Occupational Safety and Health Training Courses
The OSHA Training Institute partners with 27 OSHA Training
Institute Education Centers at 42 locations throughout the United
States to deliver courses on OSHA standards and occupational
safety and health topics to thousands of students a year. For more
information on training courses, visit www.osha.gov/otiec.
OSHA Educational Materials
OSHA has many types of educational materials in English,
Spanish, Vietnamese and other languages available in print or
online. These include:
■■
Brochures/booklets;
■■
Fact Sheets;
■■
Guidance documents that provide detailed examinations of
specific safety and health issues;
■■
Online Safety and Health Topics pages;
■■
Posters;
■■
Small, laminated QuickCards™ that provide brief safety and
health information; and
■■
QuickTakes, OSHA’s free, twice-monthly online newsletter
with the latest news about OSHA initiatives and products
to assist employers and workers in finding and preventing
OCCUPATIONAL SAFETY AND HEALTH ADMINISTRATION
3 6
workplace hazards. To sign up for QuickTakes visit www.osha.
gov/quicktakes.
To view materials available online or for a listing of free
publications, visit www.osha.gov/publications. You can also
call 1-800-321-OSHA (6742) to order publications.
OSHA’s web site also has information on job hazards and injury
and illness prevention for employers and workers. To learn
more about OSHA’s safety and health resources online, visit
www.osha.gov. Use the A-Z index to help find information and
assistance.
NIOSH Health Hazard Evaluation Program
Getting Help with Health Hazards
The National Institute for Occupational Safety and Health
(NIOSH) is a federal agency that conducts scientific and medical
research on workers’ safety and health. At no cost to employers
or workers, NIOSH can help identify health hazards and
recommend ways to reduce or eliminate those hazards in the
workplace through its Health Hazard Evaluation (HHE) Program.
Workers, union representatives and employers can request a
NIOSH HHE. An HHE is often requested when there is a higher
than expected rate of a disease or injury in a group of workers.
These situations may be the result of an unknown cause, a new
hazard, or a mixture of sources. To request a NIOSH Health
Hazard Evaluation go to www.cdc.gov/niosh/hhe/request.html.
To find out more about the Health Hazard Evaluation Program:
■■
Call (513) 841-4382, or to talk to a staff member in Spanish,
call (513) 841-4439; or
■■
Send an email to [email protected]
OSHA Regional Offices
Region I
Boston Regional Office
FALL PROTECTION IN CONSTRUCTION
3 7
(CT*, ME, MA, NH, RI, VT*)
JFK Federal Building, Room E340
Boston, MA 02203
(617) 565-9860 (617) 565-9827 Fax
Region II
New York Regional Office
(NJ*, NY*, PR*, VI*)
201 Varick Street, Room 670
New York, NY 10014
(212) 337-2378 (212) 337-2371 Fax
Region III
Philadelphia Regional Office
(DE, DC, MD*, PA, VA*, WV)
The Curtis Center
170 S. Independence Mall West
Suite 740 West
Philadelphia, PA 19106-3309
(215) 861-4900 (215) 861-4904 Fax
Region IV
Atlanta Regional Office
(AL, FL, GA, KY*, MS, NC*, SC*, TN*)
61 Forsyth Street, SW, Room 6T50
Atlanta, GA 30303
(678) 237-0400 (678) 237-0447 Fax
Region V
Chicago Regional Office
(IL*, IN*, MI*, MN*, OH, WI)
230 South Dearborn Street
Room 3244
Chicago, IL 60604
(312) 353-2220 (312) 353-7774 Fax
Region VI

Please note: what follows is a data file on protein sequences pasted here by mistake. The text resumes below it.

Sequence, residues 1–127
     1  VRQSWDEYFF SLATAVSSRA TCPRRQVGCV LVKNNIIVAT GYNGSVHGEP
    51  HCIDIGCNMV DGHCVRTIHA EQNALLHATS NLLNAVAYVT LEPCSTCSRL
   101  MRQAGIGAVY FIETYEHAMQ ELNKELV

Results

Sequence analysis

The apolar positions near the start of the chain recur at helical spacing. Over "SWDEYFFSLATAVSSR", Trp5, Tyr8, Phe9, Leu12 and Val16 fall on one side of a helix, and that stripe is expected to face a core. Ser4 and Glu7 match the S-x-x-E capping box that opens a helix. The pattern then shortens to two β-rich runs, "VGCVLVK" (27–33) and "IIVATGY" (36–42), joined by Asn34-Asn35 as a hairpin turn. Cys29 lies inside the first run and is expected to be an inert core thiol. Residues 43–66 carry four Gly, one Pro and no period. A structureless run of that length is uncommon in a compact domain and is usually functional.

Dallas Regional Office
(AR, LA, NM*, OK, TX)
OCCUPATIONAL SAFETY AND HEALTH ADMINISTRATION
3 8
525 Griffin Street, Room 602
Dallas, TX 75202
(972) 850-4145 (972) 850-4149 Fax
(972) 850-4150 FSO Fax
Region VII
Kansas City Regional Office
(IA*, KS, MO, NE)
Two Pershing Square Building
2300 Main Street, Suite 1010
Kansas City, MO 64108-2416
(816) 283-8745 (816) 283-0547 Fax
Region VIII
Denver Regional Office
(CO, MT, ND, SD, UT*, WY*)
Cesar Chavez Memorial Building
1244 Speer Boulevard, Suite 551
Denver, CO 80204
(720) 264-6550 (720) 264-6585 Fax
Region IX
San Francisco Regional Office
(AZ*, CA*, HI*, NV*, and American Samoa,
Guam and the Northern Mariana Islands)
90 7th Street, Suite 18100
San Francisco, CA 94103
(415) 625-2547 (415) 625-2534 Fax
Region X
Seattle Regional Office
(AK*, ID, OR*, WA*)
300 Fifth Avenue, Suite 1280
Seattle, WA 98104
(206) 757-6700 (206) 757-6705 Fax
* These states and territories operate their own OSHAapproved job safety and health plans and cover state and local
government employees as well as private sector employees.
The Connecticut, Illinois, New Jersey, New York and Virgin
FALL PROTECTION IN CONSTRUCTION
3 9
Islands programs cover public employees only. (Private sector
workers in these states are covered by Federal OSHA). States
with approved programs must have standards that are identical
to, or at least as effective as, the Federal OSHA standards.
Note: To get contact information for OSHA area offices, OSHAapproved state plans and OSHA consultation projects, please visit
us online at www.osha.gov or call us at 1-800-321-OSHA (6742).
OCCUPATIONAL SAFETY AND HEALTH ADMINISTRATION
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How to Contact OSHA
For questions or to get information or advice, to report
an emergency, report a fatality or catastrophe, order
publications, sign up for OSHA’s e-newsletter QuickTakes ,
or to file a confidential complaint, contact your nearest
OSHA office, visit www.osha.gov or call OSHA at 1-800321-OSHA (6742), TTY 1-877-889-5627.
For assistance, contact us.
We are OSHA. We can help.
FALL PROTECTION IN CONSTRUCTION
4 1
U.S. Department of Labor
For more information:
Occupational
Safety and Health
Administration
www.osha.gov (800) 321-OSHA (6742)